The final moments of an interview are a highly valuable opportunity to depart with lasting, positive impact on why you are suitable for the role in question. This is your last chance to address anything that you feel has not been touched upon enough, gain clarity on next steps and leave a distinct and positive final impression on the interviewer.
Ultimately, what is it that you want to leave the interviewer thinking? Here are a few suggestions on how to ensure you leave the interview in the best light possible:-
- Respect the interviewers time. It is fairly easy to pick up non-verbal cues that your interviewer is looking to wrap up the interview. If you still have questions to ask ensure you pick the most relevant one before indicating that you’re ready to wrap up.
- Leave your interviewer with the right picture of you. Think of at least five skills or traits you want remembered after the interview and touch on these again in your closing. There may also be an opportunity to ask if the interviewer has any concerns as to why you wouldn’t be suitable, which will give you an opportunity to address and potentially eliminate these.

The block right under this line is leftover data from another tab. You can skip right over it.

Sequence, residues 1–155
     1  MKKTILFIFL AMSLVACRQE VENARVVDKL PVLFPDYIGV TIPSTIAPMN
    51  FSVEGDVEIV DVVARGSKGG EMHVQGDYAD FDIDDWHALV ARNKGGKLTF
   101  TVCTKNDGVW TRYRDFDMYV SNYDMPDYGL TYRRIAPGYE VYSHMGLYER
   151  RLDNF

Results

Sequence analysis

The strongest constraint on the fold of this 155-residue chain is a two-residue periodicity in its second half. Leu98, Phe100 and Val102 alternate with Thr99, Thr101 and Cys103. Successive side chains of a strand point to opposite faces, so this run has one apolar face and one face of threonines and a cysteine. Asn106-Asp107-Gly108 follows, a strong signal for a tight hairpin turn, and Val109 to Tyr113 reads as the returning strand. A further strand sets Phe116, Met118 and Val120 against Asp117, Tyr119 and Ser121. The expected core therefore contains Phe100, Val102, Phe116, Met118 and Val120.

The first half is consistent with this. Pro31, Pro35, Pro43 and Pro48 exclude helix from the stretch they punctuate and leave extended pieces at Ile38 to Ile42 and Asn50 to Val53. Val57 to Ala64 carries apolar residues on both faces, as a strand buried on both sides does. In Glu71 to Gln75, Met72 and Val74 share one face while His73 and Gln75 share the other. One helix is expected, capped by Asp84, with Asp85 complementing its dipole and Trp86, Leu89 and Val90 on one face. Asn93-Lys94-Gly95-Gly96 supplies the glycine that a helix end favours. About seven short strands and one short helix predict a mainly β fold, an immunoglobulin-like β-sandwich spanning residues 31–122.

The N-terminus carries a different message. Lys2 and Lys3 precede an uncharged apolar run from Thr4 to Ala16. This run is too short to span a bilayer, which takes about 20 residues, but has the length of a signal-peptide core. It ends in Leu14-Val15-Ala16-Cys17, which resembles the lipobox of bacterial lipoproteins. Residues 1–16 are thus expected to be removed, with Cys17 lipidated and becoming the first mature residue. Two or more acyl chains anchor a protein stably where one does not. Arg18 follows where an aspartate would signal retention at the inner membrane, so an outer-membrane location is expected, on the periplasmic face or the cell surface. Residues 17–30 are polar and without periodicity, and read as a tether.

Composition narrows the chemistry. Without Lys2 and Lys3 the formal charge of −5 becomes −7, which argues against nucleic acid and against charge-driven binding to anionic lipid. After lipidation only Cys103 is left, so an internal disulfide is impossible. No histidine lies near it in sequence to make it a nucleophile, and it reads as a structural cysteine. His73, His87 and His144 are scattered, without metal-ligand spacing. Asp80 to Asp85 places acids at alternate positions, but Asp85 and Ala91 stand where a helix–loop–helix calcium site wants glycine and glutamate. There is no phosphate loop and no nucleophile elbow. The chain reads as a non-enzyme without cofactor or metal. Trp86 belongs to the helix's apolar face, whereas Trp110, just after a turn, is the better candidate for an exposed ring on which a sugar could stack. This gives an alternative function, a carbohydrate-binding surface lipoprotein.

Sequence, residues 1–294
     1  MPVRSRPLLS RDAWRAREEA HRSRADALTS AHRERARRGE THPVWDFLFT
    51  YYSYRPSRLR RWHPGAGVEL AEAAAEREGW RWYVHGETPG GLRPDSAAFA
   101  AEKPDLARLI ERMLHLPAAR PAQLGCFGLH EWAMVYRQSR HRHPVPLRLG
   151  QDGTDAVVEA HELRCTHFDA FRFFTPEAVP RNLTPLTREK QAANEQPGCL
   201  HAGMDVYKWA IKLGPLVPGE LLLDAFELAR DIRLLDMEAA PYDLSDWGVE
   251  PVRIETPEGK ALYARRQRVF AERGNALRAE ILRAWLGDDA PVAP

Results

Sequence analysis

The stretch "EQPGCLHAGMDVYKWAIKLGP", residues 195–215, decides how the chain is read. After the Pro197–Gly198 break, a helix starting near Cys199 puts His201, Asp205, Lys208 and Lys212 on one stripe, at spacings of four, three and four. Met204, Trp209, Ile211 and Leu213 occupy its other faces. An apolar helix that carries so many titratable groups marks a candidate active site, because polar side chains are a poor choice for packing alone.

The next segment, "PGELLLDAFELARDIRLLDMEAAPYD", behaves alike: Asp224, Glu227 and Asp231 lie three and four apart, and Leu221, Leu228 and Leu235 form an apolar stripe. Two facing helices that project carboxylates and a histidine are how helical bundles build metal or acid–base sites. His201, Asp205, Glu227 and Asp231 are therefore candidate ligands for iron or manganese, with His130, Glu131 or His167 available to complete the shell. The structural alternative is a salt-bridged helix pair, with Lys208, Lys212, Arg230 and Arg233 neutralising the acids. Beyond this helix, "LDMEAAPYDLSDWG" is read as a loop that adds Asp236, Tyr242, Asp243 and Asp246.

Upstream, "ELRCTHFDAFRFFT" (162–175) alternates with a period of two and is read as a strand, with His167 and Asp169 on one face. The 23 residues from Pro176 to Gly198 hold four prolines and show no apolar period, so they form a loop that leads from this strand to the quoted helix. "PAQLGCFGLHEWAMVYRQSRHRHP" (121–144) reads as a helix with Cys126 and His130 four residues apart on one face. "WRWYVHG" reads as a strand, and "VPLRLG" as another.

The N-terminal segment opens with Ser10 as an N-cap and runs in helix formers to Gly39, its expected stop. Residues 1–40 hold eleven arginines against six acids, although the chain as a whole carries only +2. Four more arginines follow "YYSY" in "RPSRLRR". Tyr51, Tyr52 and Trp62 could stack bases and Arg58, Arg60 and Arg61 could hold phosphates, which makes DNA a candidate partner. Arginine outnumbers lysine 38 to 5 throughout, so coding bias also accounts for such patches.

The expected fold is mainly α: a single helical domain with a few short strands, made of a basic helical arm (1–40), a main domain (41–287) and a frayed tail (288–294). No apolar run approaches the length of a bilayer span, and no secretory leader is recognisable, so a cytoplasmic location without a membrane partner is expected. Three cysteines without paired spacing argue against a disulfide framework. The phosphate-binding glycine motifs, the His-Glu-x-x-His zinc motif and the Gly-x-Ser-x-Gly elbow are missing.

- Ask if there is anything else you can provide, such as references, background information or work samples
- State your interest in the position. Don’t be overly anxious, but be genuinely positive about the role and the company. Remember to mention the added value you can bring to the job.
- Ask about the next step in the process. It’s important for you to know the next step so you can follow up. Ask for the decision date or any other relevant dates in the decision making process.
- Send a thank you note via email, your recruiter or LinkedIn. The most effective thing you can do is personalise the message by referencing a point or learn during the interview—this continues the conversation and the positive rapport that you had with the interviewer. Keep the message warm, professional and to the point, and be certain that the note contains no typos before you send it.
- Find out how to contact them. If you don’t hear back, you will need to know who to contact and whether they will accept calls to check the status.